There’s so many…
I’d really like to tear apart and remake Dust Adventures. I don’t think it did a good job at all of transitioning between the wargame/board game and an RPG and I feel it failed to capture the spirit of the game and its aesthetic. My version would have been virtually directly compatible and would have played out far more pulpy, almost a more gritty version of Feng Shui in a lot of ways, with Nazis dying left and right in droves, taking on units rather than individuals. I even wrote a version of what I would do before the official game was announced. Given all of Dust’s issues and the likely length of any license, getting a crack at that seems unlikely though…
To continue reading this, and other articles, as well as to get access to me and to discounts on books and apparel, please subscribe for as little as $1 a month on Patreon or 1 token a month at Minds.com.
Because that’s what I enjoy.
Oh, you want more?
Well, besides the fact that I tend to enjoy complex and well-defined worlds, conspiracies, plots, horror and emotional attachment, there’s the fact that these are hard to engender in a game. ‘Delve into the Dungeon of Prolapse the Underwhelming to fetch The Headpiece of Fring’ is pretty simple, ‘Take the Buttplug of Doom to Mount Snoozemoor’ is longer, but pretty simple. Overthrowing a government, rooting out a secret society, making your neighbourhood a better place or falling in love against the odds and raising a family, running a mercenary company during a conflict between many parties – these are more difficult.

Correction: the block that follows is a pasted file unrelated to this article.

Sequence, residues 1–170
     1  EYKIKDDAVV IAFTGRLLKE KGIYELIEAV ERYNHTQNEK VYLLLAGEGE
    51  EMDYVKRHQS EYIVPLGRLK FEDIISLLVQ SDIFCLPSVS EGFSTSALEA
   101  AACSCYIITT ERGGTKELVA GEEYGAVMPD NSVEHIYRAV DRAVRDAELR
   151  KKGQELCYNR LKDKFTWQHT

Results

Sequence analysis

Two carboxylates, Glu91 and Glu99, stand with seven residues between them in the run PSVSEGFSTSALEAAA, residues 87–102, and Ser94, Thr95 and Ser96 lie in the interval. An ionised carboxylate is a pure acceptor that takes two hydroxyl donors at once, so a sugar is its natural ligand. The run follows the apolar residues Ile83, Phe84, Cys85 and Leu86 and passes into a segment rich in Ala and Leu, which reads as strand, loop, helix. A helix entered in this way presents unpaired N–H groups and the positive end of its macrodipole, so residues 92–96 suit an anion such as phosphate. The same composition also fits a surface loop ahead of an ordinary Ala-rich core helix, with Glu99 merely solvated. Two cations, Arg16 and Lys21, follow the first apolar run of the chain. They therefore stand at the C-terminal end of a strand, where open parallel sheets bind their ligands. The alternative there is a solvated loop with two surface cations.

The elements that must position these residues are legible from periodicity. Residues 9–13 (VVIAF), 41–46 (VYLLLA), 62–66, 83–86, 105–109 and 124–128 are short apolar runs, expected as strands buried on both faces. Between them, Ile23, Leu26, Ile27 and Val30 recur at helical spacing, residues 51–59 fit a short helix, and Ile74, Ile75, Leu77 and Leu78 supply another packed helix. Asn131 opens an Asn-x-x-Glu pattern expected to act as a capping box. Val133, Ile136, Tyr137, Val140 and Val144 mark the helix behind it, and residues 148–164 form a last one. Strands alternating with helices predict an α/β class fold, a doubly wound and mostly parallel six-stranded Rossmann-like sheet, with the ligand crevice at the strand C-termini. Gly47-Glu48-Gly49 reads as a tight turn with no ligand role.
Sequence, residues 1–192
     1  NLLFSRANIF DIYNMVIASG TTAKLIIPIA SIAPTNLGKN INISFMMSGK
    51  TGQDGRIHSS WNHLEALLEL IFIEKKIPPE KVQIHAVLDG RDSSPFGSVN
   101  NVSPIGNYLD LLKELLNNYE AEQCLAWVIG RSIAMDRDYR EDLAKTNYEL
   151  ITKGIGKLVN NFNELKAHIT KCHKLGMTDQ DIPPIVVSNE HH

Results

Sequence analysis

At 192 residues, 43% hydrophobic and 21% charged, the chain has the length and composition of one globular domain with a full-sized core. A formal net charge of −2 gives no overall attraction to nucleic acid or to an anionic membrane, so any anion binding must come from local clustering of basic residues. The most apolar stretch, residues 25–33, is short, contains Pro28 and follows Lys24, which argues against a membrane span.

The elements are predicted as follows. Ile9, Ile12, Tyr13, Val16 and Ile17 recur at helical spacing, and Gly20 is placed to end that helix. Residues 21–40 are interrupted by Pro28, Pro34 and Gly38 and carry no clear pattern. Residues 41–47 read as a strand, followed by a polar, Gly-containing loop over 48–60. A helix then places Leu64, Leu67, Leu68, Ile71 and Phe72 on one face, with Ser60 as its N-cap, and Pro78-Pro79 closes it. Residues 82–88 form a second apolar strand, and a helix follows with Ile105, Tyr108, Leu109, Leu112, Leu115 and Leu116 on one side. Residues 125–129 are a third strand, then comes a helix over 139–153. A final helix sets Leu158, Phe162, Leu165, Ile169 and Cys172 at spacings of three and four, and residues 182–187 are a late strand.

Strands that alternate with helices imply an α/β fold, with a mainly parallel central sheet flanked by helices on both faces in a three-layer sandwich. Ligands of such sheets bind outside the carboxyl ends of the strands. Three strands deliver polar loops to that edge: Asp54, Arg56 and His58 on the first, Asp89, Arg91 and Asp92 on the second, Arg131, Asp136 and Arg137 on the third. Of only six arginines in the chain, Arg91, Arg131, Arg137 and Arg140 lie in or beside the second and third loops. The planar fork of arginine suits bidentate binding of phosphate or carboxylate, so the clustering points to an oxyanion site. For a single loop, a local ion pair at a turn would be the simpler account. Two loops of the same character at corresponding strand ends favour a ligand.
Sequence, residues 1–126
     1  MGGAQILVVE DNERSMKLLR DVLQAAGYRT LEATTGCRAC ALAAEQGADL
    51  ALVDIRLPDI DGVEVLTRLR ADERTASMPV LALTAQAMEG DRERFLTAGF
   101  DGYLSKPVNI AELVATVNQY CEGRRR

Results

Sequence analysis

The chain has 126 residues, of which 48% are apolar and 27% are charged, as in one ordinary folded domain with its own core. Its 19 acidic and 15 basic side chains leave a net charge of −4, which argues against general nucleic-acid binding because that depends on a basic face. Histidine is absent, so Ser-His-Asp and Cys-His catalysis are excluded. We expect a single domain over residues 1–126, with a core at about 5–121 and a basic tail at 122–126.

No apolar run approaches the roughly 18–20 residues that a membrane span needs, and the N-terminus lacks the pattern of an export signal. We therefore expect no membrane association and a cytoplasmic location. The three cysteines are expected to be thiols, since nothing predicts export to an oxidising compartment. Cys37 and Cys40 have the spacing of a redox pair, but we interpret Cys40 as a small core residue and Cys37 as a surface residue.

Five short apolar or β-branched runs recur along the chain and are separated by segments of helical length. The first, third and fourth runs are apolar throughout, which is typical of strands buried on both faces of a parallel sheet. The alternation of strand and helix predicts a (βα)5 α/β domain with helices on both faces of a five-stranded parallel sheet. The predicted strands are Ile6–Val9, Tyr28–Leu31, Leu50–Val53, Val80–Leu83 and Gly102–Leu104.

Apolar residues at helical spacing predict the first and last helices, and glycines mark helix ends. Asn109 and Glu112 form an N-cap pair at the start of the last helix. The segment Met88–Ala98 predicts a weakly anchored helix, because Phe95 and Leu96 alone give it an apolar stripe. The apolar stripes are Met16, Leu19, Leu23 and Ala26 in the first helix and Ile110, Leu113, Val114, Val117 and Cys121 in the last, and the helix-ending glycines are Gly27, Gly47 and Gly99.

To read the rest of this article, and others, as well as to get privileged access to me and discounts on games and apparel, sub for at least $1 a month on Patreon or 1 token a month on Minds.com.
Just one person, and you do mean a game, right, not sexy shenanigans?
A lot of people would have said Gary Gygax, up until his death, and to an extent I can agree with that. To see the ur-Dungeon Master’s take on how the games he spawned should be played. Then again, from everything I’ve read and seen, his way of running games is counter to what I consider enjoyable…
To continue reading this, and other articles, please consider subscribing to me on Patreon for as little as $1 a month, or on Minds.com for 1 token a month. You’ll also get access to me for questions and support, and discounts on games and apparel.
The beauty of roleplaying games is that where you play doesn’t have to matter that much. The creativity takes place in your mind, in your mutual imagination and so your surroundings don’t much matter. There have been times and places that have been more conducive to effective roleplaying, certainly, and have fed my creative side – especially when it came to LARP.
To continue reading this article, and others, as well as to get access to me for questions, suggestions and support – sub for $1 a month on Patreon or 1 token a month on Minds.com. You’ll also get discounts on RPGs and apparel.